NEW YORK – Ari Gold, the groundbreaking gay singer/songwriter and DJ who became a fixture of the New York dance music scene in the 2000s, came to the end of a long battle with cancer on Sunday when he passed away of leukemia. He was 47.
News of his death broke publicly when Ru Paul Charles, a longtime friend who Gold described as “the closest thing I’ve known to a mentor,” posted a tribute to the music artist on his Twitter account, saying “Until we meet again, dear friend. @SirAriGold Love always, Ru.”
Born to Orthodox Jewish parents in the Bronx, Gold’s musical gifts were discovered early when he sang at his brother Steven’s bar mitzvah at the age of 5. The performance opened the door for a professional career as a child singer and actor, in which he contributed vocals for children’s records, television shows such as “The Life and Adventures of Santa Claus” and “Jem,” and over 400 commercial jingles. He also sang back-up vocals for Diana Ross.
It was after his graduation from NYU that his adult career began in earnest. He became popular performing his original music – which included explicitly gay love songs – in New York clubs like Joe’s Pub, Barracuda, Avalon, CBGB’s and many others, eventually drawing from this material to record a self-titled debut album in 2001. It won him an award for Outstanding Debut Recording at the 2002 Outmusic Awards and brought him to the attention of songwriter Desmond Child, resulting in a collaboration that yielded the single “I’m All About You,” which reached the top 10 on the UK charts for dance music and the top 20 for pop.
Gold went on to release a total of seven albums of original compositions and remixes, including 2004’s “Space Under the Sun” (which featured “Wave of You,” the video for which was the first by an out LGBTQ+ artist to world-premiere on Logo) and 2007’s “Transport Systems,” which gave him his first debut on the Billboard top 10. The latter recording included the song “Where the Music Takes You,” which won him the Grand Prize at the 13th Annual USA Songwriting Competition.
Through all his output, he was known for unabashedly embracing a proud queer sensibility and a message of sex positivity – a combination that has led many to call label him an LGBTQ “trailblazer,” and perhaps reached its pinnacle with his infectious (and controversial) 2015 single, “Sex Like a Pornstar,” which was released with an age-restricted video.
In his later career, Gold released some of his albums under the names Sir Ari Gold and GoldNation.
His musical talents led to many collaborations, both as a performer and as a songwriter, with stars including Boy George, Kevin Aviance, Sasha Allen, Adam Joseph, and Dave Koz. He became a staple performing at Pride Festivals, and his music was featured in several films. He also modeled for magazines like W and VIBE; he was chosen as one of “The 9 Hottest Men in NYC” by H/X magazine and one of the hottest men in the world by DNA magazine.
In 2007, he took on a supporting role in Ru Paul’s film “Starrbooty,” playing the character of Tyrone Cohen.
Gold’s battle with cancer began in 2013 when he was diagnosed with myelodsplastic syndrome (MDS), a blood cancer which can be cured with a bone marrow transplant. During treatment, he started a podcast called “A Kiki From the Cancer Ward” in order to continue being creative. He recorded seven episodes, with guests including Charles and Aviance, Drag Race finalist Peppermint, and trans actress and icon Laverne Cox.
After receiving a transplant, Gold was declared “cancer free” in 2019, but in the days before his death it was revealed in an Instagram post by his elder brother Elon that he was once again battling leukemia at MSK Sloan in New York.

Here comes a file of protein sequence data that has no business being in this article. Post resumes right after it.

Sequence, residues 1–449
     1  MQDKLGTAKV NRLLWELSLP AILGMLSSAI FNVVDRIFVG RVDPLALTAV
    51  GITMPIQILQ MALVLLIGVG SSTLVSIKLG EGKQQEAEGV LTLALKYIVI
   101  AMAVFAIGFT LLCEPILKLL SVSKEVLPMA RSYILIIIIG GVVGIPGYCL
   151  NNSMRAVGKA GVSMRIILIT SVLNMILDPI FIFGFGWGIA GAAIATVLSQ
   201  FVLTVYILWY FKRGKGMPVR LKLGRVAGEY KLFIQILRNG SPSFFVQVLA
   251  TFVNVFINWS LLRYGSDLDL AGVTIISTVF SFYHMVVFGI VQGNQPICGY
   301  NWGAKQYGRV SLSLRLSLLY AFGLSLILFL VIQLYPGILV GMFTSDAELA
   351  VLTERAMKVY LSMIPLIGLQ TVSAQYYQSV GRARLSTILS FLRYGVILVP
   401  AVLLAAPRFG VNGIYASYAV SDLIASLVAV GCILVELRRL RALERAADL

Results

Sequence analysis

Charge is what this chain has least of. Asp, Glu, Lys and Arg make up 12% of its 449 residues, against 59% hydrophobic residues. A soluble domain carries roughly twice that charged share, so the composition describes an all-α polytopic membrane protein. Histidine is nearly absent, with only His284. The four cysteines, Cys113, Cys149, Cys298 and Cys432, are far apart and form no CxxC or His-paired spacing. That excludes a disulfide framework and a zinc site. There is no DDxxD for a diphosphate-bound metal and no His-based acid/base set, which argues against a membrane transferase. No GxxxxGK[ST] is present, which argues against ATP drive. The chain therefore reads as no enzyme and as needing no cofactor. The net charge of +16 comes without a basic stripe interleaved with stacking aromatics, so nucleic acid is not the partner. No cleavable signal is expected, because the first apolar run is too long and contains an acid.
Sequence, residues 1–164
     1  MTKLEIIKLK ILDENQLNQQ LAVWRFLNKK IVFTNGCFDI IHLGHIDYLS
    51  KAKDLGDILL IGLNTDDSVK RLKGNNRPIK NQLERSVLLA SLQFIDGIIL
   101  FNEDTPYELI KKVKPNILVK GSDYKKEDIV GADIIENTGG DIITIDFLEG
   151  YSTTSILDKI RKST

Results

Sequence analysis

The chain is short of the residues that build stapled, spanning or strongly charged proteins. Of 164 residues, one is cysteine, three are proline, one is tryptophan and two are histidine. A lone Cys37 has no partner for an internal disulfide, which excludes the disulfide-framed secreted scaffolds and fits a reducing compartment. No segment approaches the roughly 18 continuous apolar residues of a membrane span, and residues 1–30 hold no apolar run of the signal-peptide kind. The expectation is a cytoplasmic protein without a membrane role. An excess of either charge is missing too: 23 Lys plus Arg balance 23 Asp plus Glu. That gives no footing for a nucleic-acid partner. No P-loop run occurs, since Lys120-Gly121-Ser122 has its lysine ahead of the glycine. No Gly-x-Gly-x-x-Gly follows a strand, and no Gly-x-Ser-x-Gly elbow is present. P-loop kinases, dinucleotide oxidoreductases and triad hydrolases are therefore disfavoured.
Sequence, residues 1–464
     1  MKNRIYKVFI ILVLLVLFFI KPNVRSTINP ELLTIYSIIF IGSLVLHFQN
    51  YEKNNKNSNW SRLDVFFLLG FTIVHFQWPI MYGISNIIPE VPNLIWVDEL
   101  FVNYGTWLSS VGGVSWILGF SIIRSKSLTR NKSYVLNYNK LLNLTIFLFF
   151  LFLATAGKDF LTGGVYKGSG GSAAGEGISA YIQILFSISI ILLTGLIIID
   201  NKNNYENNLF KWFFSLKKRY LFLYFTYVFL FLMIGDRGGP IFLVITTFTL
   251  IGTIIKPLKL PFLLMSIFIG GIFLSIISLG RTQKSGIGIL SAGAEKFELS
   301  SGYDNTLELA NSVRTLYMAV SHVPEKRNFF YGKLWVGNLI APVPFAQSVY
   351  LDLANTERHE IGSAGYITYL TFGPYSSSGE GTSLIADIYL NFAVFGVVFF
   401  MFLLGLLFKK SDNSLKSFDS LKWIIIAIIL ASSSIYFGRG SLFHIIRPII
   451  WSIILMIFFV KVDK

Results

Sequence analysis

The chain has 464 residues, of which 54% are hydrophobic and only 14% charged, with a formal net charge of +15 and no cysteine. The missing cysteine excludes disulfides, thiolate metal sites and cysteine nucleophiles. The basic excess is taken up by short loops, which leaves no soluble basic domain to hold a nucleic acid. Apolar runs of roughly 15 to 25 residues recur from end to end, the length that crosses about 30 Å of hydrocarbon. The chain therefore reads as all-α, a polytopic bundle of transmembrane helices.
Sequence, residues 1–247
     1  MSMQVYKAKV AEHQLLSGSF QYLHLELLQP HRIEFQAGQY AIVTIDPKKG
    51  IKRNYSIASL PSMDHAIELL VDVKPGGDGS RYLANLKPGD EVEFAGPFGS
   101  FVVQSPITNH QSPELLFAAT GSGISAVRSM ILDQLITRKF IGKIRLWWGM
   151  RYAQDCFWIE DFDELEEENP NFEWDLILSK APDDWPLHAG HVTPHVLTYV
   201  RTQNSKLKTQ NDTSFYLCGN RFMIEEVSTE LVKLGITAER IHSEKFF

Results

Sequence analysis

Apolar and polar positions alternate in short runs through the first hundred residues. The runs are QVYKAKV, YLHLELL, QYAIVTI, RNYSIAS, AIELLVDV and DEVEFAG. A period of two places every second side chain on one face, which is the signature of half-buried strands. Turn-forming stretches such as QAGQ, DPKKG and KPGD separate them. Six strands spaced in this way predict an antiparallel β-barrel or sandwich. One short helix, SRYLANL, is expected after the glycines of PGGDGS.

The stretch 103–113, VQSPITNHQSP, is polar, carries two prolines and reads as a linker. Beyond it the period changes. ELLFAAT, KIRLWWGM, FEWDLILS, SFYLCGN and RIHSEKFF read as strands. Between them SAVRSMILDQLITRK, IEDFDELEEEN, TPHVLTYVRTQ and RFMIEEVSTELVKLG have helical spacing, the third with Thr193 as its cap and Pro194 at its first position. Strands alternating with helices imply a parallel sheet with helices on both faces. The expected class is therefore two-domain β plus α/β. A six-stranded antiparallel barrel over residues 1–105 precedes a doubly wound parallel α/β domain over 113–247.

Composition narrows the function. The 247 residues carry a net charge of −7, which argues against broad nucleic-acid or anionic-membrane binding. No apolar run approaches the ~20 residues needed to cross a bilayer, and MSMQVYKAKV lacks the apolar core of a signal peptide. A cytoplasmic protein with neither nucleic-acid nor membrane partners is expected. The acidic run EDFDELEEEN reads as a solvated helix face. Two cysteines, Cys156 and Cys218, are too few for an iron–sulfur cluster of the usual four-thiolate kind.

After news of his death broke, social media flooded with tributes and remembrances from many of Gold’s famous friends.
Cox tweeted: “I’m so utterly devastated that you’ve moved on today. But I know you’ll be watching over me as you always have. I’m so grateful to have known you. I’m better because you have been a part of my life. My brother! I love you so much! Rest in Power!!”
Actor, director and musician John Cameron Mitchell, perhaps best known as the creator of “Hedwig and the Angry Inch,” posted on Instagram: “What a light and a pioneer in pop. He was out long before it was fashionable and took so many artistic risks. Loved him. What a sweetheart. Wishing his friends and family peace of heart and mind. Rest In Peace dear Ari.” Gold’s music was prominently featured in Mitchell’s film “Shortbus.”
On Facebook, Legendary Deee-Lite manager and music producer Bill Coleman wrote: “I’ll always remember Ari as a talented, unapologetic, committed, forthright, fierce, supportive, stylish, Wonder Woman-lovin’, body positive, proud and sexy life force to be reckoned with. He was on a mission. Our paths crossed many times over the decades – both business and personal. I appreciated Ari’ strident voice and his willingness to speak up for others. He was one of ours. Rest in power, love. You left the world changed.”
Los Angeles Blade publisher Troy Masters recalls: “In the early 90s I interviewed Ari for Gay City News and he and I had a long conversation about him as a high school bon vivant which led me to give him a nickname which he loved and embraced for many years, ‘Madonna of the yeshiva.’
“It was so much fun in his apartment sitting on his bed for some reason and my mind kept wandering,” said Masters. “He was the last person I said farewell to in 2015 when I left NYC and moved to LA. He spotted me on 9th Avenue, shouting my name and I somehow heard him. I crossed the street and we had an emotional embrace. I’m so glad he was in my life.”
In tribute to her cousin, Meryl Sherwood shared a few favorite videos with the Blade. You can watch those below, as well as videos for some of Gold’s most beloved songs.
This content was originally published here.